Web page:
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Does Mother’s Day really have to be SO pink?

The deluge of pink advertising in the lead-up to Mother’s Day is not only infuriating; it has an important message for those seeking to tackle gender-related health issues.

So says Margo Saunders, a public health policy consultant in Canberra, who also wonders: do women really want a pink computer?

She writes:

“I have been thinking a lot about sex lately. No, not like that – more like ‘sex’ as in ‘gender’.  This is due in no small part to the fact that this year will see Australia’s first National Men’s Health Policy and an updated National Women’s Health Policy.  Both of these are likely to contain strong statements about the need to address ‘gender stereotyping’ and reflect expectations based on flexible and evolving notions of gender.

Two recent and very different advertisements – for a pink computer and for cream cheese  – have prompted two questions. Are the health sector’s visions about gender realistic, given mainstream norms around gender identity? And are we happy that the sexual emancipation of women now apparently gives women the right to treat men as sex objects on prime-time television advertisements?

The first of these questions is considered below; the second will be the focus of a subsequent contribution. The intention is not to provide a sophisticated analysis, but to just raise the issues.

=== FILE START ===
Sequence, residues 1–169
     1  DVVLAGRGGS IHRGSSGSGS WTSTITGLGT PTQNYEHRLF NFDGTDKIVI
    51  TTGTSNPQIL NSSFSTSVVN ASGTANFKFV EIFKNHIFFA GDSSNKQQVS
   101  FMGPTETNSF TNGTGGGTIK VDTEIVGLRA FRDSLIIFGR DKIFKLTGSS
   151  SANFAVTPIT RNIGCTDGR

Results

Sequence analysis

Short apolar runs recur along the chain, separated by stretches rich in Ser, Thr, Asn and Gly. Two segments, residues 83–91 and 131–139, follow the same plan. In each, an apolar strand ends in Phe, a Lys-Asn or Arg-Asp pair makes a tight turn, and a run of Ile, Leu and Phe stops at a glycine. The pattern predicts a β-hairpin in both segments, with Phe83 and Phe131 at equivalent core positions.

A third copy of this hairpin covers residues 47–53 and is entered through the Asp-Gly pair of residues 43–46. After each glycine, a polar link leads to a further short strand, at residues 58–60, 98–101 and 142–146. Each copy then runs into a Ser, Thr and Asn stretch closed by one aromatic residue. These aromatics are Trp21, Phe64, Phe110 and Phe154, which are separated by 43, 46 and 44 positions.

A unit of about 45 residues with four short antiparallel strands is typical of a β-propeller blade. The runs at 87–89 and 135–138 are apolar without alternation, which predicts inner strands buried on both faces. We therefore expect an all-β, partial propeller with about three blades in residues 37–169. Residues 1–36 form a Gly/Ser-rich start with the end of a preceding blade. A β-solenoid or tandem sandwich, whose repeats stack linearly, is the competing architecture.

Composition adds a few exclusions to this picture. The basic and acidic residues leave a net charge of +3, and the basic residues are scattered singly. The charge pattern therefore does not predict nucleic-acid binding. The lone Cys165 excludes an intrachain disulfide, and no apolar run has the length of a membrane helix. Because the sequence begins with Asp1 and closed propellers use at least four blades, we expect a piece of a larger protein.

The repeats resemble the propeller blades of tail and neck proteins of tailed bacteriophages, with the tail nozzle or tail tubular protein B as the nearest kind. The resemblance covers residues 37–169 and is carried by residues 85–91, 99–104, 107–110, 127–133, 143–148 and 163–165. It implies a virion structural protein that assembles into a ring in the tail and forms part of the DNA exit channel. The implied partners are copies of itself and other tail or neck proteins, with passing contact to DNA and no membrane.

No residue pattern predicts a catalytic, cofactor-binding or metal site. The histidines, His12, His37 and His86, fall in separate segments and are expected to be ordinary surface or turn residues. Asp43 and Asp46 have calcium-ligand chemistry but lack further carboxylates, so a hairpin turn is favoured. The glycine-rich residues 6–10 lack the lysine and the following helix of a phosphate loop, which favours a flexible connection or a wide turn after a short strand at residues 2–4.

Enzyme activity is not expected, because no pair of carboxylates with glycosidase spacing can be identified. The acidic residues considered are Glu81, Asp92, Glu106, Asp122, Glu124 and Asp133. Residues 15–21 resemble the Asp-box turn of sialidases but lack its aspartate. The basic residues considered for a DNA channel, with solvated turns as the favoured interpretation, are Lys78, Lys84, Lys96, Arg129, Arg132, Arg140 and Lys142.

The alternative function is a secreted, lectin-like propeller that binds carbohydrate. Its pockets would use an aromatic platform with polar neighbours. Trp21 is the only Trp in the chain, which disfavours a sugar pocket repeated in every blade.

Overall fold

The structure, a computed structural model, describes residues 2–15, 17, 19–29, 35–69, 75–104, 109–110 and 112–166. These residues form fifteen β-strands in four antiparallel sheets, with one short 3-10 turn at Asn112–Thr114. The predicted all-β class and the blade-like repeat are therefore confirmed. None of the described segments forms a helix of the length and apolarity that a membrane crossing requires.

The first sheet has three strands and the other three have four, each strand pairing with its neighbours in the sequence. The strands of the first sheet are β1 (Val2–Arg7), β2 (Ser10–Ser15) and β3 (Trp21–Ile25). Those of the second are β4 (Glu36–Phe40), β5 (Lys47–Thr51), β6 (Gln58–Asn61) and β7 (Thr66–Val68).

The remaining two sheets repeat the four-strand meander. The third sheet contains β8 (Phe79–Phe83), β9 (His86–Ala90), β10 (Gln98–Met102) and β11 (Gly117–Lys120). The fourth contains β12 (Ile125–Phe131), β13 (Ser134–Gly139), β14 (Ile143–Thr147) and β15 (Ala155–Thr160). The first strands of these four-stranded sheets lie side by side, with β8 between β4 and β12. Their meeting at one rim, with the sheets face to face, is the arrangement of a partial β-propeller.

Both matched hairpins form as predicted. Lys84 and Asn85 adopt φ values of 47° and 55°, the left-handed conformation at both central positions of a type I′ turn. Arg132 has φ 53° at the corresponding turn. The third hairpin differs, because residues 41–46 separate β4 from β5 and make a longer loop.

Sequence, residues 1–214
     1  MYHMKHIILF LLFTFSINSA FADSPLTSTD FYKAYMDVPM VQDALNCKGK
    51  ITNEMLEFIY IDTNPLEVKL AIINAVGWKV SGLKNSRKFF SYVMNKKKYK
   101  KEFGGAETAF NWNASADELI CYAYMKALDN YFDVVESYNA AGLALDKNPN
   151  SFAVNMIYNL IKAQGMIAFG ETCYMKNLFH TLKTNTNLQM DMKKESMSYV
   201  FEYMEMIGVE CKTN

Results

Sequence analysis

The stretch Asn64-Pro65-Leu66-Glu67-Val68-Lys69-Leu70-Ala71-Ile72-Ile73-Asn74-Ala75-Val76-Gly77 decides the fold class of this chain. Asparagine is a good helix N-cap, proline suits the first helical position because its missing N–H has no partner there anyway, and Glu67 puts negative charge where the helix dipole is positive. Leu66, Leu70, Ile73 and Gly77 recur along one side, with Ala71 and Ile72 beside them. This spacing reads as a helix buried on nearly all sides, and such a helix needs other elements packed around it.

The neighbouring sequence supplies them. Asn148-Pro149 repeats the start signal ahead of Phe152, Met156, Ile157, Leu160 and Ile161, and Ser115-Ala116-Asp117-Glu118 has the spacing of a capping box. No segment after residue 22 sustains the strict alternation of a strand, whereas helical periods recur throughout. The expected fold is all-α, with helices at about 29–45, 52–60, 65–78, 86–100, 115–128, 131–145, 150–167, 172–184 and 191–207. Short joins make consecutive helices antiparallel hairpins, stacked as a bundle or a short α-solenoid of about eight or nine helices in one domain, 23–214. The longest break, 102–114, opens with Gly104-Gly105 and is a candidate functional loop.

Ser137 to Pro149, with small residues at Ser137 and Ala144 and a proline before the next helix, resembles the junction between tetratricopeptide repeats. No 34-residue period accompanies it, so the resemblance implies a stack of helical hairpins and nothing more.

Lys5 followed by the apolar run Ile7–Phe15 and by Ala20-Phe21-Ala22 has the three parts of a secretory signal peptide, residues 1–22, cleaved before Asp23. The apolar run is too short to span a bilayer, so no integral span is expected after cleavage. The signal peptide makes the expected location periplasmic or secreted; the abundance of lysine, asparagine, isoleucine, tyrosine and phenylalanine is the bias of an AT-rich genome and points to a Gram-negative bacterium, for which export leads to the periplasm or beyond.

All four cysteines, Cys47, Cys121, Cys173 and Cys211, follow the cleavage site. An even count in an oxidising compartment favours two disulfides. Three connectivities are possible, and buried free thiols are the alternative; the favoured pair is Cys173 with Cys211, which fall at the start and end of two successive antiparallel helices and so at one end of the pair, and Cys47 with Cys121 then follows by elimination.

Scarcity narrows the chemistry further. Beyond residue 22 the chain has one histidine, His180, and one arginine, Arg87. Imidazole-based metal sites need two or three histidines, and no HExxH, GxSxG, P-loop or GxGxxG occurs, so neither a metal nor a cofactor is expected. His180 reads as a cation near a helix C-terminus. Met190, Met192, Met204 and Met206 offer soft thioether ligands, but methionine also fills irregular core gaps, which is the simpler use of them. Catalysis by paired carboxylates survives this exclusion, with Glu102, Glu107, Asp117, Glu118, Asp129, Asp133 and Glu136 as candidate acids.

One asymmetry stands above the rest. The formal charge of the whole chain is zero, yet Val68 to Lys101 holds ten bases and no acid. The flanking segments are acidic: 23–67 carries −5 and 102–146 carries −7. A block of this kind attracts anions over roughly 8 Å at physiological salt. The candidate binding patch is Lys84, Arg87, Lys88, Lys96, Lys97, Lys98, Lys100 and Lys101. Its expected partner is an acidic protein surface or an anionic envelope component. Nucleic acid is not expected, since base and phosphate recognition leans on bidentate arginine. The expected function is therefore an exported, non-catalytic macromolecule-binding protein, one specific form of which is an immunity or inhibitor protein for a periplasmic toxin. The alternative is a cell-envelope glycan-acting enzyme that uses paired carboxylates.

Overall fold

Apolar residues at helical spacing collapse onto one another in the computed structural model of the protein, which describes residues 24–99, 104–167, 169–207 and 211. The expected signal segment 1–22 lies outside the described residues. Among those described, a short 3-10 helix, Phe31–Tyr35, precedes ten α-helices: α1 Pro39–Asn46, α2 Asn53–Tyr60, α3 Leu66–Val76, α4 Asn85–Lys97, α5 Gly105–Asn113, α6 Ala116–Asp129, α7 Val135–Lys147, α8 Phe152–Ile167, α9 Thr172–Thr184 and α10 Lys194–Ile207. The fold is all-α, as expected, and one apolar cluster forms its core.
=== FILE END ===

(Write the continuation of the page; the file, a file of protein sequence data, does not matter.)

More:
Why the concern about advertising?  I could not help but be struck by the contrast between the visionary concepts contained in recent discussions about health and gender (for example, statements suggesting that the health sector needs to help bring about shifts in ‘what it means to be a man’ so that ‘masculinity’ embraces more health-promoting attitudes and behaviours), and the rampantly traditional gender stereotypes emanating from current advertisements for everything from computers to toys to food products.

Advertisements can be viewed as a sort of societal ‘button-pusher’, as their purpose is to initiate a behavioural response, such as getting us to buy something.  Their success is relatively easy to measure and is based on outcomes: if an ad is credited for increasing sales, it continues, and ads that employ approaches that do not translate into increased sales are scrapped.

The constant barrage of advertisements depicting traditional gender stereotypes to persuade us to buy clothes, toys, housewares and office equipment suggest only one thing: to quote home loan guru John Symonds: ‘It works’.  Through their constant reinforcement of traditional gender stereotypes, these ads also serve as a warning to idealistic public health types who have delusions about their ability to alter concepts of traditional masculinity and femininity: you will have you work cut out for you and are up against the power of commercial advertising.

Yes, some things have changed.  In particular, there are understandable concerns about the effects of raunch culture and porn identities on both boys and girls.  These influences, combined with the fact that girls and boys are under unprecedented pressure to conform to gender stereotypes from a younger and younger age, have led to findings (by author Maggie Hamilton and by researcher Anastasia Powell at LaTrobe University) that girls feel pressured to appear sexually available – to be ”hot” – and that boys have become de-sensitised to sex and violence and are influenced by expectations to appear macho and to treat women as sex objects.